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Japanese Mythology & Folklore

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Mythic Texts and Folktales:
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Folklorists
Kunio Yanagita, Keigo Seki, Lafcadio Hearn, Shigeru Mizuki, Inoue Enryo

The Seven Gods of Fortune (七福神 Shichi Fukujin ?), commonly referred to in English as the Seven Lucky Gods, refer to the seven gods of good fortune in Japanese mythology and folklore. They are often the subject of netsuke carvings and other representations.

Each has a traditional attribute:

  1. Hotei, the fat and happy god of abundance and good health
  2. Jurōjin, god of longevity
  3. Fukurokuju, god of happiness, wealth and longevity
  4. Bishamonten, god of warriors
  5. Benzaiten (Benten-sama), goddess of knowledge, art and beauty, especially music
  6. Daikokuten (Daikoku), god of wealth, commerce and trade. Ebisu and Daikoku are often paired and represented as carvings or masks on the walls of small retail shops
  7. Ebisu, god of fishers or merchants, often depicted carrying a sea bream
From left to right: Hotei, Jurōjin, Fukurokuju, Bishamonten, Benzaiten, Daikokuten, Ebisu.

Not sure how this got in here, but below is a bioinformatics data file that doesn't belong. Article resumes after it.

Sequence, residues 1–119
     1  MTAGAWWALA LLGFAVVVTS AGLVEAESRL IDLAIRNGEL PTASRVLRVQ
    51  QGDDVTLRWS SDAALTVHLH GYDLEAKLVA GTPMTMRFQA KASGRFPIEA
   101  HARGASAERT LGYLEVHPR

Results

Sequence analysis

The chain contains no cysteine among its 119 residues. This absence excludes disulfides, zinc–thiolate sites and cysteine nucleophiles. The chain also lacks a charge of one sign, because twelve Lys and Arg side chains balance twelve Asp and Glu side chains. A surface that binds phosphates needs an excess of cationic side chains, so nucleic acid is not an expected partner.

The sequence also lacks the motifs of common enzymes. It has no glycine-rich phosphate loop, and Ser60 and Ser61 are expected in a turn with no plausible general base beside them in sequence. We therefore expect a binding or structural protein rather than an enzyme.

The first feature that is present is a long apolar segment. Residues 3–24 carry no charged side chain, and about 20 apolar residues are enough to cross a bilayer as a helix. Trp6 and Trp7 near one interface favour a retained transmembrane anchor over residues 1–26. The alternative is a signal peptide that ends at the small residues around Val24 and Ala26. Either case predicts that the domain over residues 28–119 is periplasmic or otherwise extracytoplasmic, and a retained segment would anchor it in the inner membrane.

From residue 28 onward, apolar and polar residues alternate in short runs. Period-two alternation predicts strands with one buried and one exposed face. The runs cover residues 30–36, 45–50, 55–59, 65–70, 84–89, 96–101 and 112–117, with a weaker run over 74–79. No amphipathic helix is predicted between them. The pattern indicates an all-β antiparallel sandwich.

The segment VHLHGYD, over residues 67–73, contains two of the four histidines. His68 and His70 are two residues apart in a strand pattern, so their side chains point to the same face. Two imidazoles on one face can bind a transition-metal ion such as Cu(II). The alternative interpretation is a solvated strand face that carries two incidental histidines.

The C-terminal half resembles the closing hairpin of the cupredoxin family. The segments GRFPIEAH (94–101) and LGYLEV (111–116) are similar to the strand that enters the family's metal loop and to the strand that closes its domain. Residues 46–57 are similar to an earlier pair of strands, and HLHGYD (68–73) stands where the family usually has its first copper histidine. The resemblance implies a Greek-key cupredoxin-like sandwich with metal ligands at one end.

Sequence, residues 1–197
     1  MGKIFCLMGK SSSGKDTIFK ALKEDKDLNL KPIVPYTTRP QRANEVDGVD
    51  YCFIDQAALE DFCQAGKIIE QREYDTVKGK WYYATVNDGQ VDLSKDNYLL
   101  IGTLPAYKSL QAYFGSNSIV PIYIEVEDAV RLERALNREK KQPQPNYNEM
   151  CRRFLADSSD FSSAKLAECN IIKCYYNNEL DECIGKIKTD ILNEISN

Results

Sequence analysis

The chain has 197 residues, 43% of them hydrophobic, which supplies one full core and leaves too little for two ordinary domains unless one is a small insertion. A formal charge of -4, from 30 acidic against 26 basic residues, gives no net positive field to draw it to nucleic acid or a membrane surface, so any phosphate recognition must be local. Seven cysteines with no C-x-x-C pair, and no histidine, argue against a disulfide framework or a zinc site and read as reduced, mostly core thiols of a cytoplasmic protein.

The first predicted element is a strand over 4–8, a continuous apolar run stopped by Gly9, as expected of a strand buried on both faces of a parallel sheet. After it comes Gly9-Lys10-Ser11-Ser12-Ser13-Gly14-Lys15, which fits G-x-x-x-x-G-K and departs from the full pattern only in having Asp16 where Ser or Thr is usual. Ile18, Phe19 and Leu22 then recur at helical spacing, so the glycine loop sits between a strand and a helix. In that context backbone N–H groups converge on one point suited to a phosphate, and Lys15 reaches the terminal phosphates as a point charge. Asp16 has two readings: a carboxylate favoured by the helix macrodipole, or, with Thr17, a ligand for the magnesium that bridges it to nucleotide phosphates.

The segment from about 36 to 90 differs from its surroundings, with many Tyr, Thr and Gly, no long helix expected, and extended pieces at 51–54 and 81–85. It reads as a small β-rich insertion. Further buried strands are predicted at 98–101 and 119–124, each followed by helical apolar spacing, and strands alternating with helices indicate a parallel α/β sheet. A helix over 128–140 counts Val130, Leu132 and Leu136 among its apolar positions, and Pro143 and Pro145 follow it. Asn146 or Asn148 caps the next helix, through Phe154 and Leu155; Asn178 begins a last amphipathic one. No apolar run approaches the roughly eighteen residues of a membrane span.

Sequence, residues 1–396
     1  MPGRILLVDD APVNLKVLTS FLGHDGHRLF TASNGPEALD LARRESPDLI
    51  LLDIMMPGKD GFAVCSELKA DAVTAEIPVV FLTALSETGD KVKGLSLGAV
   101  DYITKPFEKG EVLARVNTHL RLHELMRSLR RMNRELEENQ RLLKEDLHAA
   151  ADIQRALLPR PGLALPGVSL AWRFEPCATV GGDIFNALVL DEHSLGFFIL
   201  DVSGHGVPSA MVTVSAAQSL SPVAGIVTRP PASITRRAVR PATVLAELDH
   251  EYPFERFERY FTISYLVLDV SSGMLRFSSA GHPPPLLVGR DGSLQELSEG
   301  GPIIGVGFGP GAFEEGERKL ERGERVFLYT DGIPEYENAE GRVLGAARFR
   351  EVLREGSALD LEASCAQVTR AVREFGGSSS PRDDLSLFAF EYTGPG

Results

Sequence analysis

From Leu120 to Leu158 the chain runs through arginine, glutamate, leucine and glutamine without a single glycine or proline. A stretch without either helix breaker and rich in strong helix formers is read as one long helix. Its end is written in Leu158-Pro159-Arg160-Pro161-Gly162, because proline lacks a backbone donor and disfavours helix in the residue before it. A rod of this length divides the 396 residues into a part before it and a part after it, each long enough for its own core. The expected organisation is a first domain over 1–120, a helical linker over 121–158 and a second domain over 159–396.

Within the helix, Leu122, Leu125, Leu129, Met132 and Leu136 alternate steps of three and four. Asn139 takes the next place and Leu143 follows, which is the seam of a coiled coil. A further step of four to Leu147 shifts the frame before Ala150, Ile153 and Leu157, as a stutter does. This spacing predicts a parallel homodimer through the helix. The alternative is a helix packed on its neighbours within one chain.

Many figures in Japanese myth were transmitted from China (some having entered China from India), including all of the Seven Lucky Gods except Ebisu. Another god, Kichijōten, goddess of happiness, is sometimes found depicted along with the seven traditional gods, replacing Jurōjin. The reasoning being that Jurōjin and Fukurokuju were originally manifestations of the same Taoist deity, the Southern Star. However, as is often the case in folklore, Japanese gods sometimes represent different things in different places.

The seven gods are often depicted on their ship, the Takarabune (宝船), or "Treasure Ship." The tradition holds that the seven gods will arrive in town on the New Year and distribute fantastic gifts to worthy people. Children often receive red envelopes emblazoned with the Takarabune which contain gifts of money around the New Year. The Takarabune and its passengers are often depicted in art in varied locations, from the walls of museums to cuddly caricatures.